“It’s through the merit of yeshiva students studying that the soldiers are winning," said Avraham Eli-Melech, 60, who works as a handyman in a yeshiva in the predominantly Haredi city of Bnei Brak.

The issue has dogged successive Israeli governments. Any attempt to enshrine the exemption through legislation has been either struck down by Israel’s Supreme Court on the grounds that it creates an unequal burden on citizens, or the terms of potential compromise legislation have brought down different governments that rely on ultra-Orthodox support.

At the time of the initial exemption, Haredim represented a fraction of the overall population. Now, more than seven decades after Israel’s founding, the community makes up 13% of the population, and Haredi men represent 17% of draft-age males.

In an indication that pre-Oct. 7 tensions are now beginning to re-emerge, signs were hung Saturday night on highway passes across Israel that said, “We are all brothers. We all enlist." Several thousand demonstrators also rallied that night in central Tel Aviv, calling for elections.

Some reservists, exhausted after months of fighting in Gaza, say they are ready to push for a more equal distribution of the security burden across Israeli society.

“The social contract needs to be rewritten," said Uri Keidar, who served as a reservist for four months in Gaza and heads an Israeli civil-society organization that seeks to reduce religious sway over the state. “We can’t go back to October 6 as if nothing has happened."

Similar sentiments are showing up within Netanyahu’s coalition. “It is no longer possible to accept with equanimity a situation in which certain groups in society shoulder the burden of security, with the high price that it exacts, while other groups of the Jewish people continue with their normal lives," the Likud members wrote in the letter to Netanyahu.

That points to a shift in the debate over the exemption, according to Israeli political analysts.

“The general, non-Orthodox public has lost its appetite for this unjust and unequal arrangement," said Yohanan Plesner, president of the Israel Democracy Institute, a Jerusalem-based think tank. The enlistment debate might “force Netanyahu to choose between his loyal political allies and big parts of his own constituency," he said.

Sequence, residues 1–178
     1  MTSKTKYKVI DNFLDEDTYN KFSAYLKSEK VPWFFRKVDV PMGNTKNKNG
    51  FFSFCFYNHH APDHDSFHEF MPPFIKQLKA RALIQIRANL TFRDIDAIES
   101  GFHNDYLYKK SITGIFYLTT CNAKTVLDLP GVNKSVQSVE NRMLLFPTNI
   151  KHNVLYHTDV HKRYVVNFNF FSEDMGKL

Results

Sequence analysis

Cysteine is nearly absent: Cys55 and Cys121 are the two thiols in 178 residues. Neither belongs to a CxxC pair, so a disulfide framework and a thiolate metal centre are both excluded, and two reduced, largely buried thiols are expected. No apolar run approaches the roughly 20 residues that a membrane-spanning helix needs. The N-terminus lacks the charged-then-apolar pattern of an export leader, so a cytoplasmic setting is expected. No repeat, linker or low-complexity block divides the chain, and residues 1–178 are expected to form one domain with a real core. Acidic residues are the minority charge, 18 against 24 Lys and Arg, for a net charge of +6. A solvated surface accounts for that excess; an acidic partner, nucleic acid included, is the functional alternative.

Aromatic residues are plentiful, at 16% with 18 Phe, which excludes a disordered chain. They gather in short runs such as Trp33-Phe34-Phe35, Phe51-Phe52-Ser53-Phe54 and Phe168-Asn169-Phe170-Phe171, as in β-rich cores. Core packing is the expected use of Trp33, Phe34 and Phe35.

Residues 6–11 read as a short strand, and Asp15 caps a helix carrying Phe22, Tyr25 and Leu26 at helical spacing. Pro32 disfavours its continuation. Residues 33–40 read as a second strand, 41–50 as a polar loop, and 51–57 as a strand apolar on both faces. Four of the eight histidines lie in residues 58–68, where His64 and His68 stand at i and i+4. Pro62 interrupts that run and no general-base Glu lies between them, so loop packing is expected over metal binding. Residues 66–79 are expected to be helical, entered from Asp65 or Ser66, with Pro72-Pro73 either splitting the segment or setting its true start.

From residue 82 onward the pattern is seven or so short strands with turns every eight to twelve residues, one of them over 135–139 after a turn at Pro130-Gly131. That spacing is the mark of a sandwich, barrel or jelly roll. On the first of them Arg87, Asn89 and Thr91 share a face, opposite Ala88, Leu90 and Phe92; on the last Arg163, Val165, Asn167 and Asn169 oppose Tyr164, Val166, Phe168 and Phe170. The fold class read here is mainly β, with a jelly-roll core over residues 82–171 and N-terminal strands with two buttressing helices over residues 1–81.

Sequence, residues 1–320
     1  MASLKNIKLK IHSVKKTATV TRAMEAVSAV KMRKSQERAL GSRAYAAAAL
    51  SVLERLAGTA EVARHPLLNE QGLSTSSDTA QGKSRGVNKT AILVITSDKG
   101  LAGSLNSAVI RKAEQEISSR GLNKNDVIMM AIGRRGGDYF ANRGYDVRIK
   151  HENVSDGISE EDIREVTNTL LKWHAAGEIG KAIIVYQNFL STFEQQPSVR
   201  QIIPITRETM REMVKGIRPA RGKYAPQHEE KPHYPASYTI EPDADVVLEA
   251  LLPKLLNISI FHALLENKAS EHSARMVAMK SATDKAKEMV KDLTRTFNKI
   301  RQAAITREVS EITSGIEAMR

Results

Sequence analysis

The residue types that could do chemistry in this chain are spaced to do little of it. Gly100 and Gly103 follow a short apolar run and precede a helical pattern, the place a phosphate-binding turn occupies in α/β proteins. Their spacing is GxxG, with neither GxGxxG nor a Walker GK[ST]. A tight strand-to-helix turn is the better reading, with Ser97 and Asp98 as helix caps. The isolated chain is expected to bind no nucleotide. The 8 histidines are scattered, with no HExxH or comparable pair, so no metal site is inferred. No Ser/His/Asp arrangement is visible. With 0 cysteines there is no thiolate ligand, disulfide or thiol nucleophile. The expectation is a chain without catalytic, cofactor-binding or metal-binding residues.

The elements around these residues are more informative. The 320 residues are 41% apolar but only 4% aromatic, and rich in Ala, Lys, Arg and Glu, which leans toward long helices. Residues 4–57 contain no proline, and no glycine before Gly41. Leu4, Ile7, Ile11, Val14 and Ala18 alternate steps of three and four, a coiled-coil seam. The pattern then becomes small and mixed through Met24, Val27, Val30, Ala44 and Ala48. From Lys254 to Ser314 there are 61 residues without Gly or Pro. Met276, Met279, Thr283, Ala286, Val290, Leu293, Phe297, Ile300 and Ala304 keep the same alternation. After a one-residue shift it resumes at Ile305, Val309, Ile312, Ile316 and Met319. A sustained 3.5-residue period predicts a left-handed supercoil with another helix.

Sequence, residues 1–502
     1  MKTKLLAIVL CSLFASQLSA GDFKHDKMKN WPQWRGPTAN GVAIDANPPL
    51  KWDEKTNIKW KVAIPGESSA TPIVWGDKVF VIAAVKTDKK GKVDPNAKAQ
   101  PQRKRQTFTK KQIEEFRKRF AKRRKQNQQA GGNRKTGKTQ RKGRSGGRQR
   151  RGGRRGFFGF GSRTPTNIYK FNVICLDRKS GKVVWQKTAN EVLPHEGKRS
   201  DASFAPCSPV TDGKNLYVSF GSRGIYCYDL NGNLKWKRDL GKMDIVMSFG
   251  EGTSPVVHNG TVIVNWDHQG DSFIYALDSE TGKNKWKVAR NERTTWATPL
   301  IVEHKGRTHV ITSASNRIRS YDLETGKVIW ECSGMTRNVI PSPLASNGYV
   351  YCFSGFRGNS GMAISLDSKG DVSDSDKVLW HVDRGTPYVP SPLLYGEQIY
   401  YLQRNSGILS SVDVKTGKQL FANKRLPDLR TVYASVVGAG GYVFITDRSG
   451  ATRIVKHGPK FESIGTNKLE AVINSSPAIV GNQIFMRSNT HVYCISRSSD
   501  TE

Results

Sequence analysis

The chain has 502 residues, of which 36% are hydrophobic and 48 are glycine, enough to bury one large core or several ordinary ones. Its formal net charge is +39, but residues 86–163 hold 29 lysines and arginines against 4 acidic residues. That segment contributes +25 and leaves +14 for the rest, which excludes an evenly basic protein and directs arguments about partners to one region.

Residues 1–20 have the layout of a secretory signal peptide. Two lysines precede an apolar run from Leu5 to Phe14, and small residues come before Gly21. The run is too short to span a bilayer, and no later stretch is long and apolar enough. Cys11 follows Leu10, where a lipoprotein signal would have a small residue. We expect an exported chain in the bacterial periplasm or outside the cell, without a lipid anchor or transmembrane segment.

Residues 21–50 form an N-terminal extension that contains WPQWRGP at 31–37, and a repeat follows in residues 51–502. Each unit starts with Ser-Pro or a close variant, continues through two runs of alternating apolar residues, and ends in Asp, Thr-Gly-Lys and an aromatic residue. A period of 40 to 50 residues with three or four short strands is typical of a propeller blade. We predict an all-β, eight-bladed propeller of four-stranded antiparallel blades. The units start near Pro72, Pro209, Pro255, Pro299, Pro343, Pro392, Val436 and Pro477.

After Likud, two ultra-Orthodox political parties make up the largest bloc in the current government, with 18 seats in the 120-seat Knesset. They are key to Netanyahu’s grip on power, since his original allies in the wartime government control just 64 seats in total. Rival Benny Gantz brought his National Unity party into the government at the outset of the current war to bolster national unity.

Earlier this week, Opposition Leader Yair Lapid sent a letter to Defense Minister Yoav Gallant in which he warned that “we will not be able to continue filling the streets with slogans of ‘together we will win,’ if we don’t enlist together."

A senior official in United Torah Judaism, one of two Haredi political parties that are part of Netanyahu’s coalition government, said the enlistment issue is “very sensitive" and that the party has decided to “not get involved" in the current debate over bills.

The Haredi political leadership knows that after the Hamas attacks on Oct. 7, the status quo cannot stand, said Israel Cohen, a political commentator for a Haredi radio station.

But Haredi religious leaders haven’t publicly grappled with the renewed public demand to end their community’s exemption from military service. If a leading rabbi were to oppose any change, Cohen said, it could pull the entire community in that direction.

Yosef Gamliel, 43, a rabbi in Bnei Brak, said the only thing that could push Haredim to join the military as a bloc is if the spiritual leadership changed their stance.

“We have survived for thousands of years by keeping our tradition," he said.

Write to Dov Lieber at